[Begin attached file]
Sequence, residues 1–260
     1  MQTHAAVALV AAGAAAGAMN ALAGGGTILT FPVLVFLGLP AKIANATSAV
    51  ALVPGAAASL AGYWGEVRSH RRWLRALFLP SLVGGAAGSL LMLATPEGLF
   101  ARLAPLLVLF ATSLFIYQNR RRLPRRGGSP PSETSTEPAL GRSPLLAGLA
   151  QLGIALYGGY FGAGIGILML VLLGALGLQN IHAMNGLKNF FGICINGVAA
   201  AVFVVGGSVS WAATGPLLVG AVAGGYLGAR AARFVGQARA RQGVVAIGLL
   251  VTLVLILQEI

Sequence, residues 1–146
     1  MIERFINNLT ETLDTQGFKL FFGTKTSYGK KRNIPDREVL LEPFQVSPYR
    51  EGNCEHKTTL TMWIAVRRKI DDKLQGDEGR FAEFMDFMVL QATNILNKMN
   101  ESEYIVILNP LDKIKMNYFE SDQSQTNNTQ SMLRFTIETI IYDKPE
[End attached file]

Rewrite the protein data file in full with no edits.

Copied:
Sequence, residues 1–260
     1  MQTHAAVALV AAGAAAGAMN ALAGGGTILT FPVLVFLGLP AKIANATSAV
    51  ALVPGAAASL AGYWGEVRSH RRWLRALFLP SLVGGAAGSL LMLATPEGLF
   101  ARLAPLLVLF ATSLFIYQNR RRLPRRGGSP PSETSTEPAL GRSPLLAGLA
   151  QLGIALYGGY FGAGIGILML VLLGALGLQN IHAMNGLKNF FGICINGVAA
   201  AVFVVGGSVS WAATGPLLVG AVAGGYLGAR AARFVGQARA RQGVVAIGLL
   251  VTLVLILQEI

Sequence, residues 1–146
     1  MIERFINNLT ETLDTQGFKL FFGTKTSYGK KRNIPDREVL LEPFQVSPYR
    51  EGNCEHKTTL TMWIAVRRKI DDKLQGDEGR FAEFMDFMVL QATNILNKMN
   101  ESEYIVILNP LDKIKMNYFE SDQSQTNNTQ SMLRFTIETI IYDKPE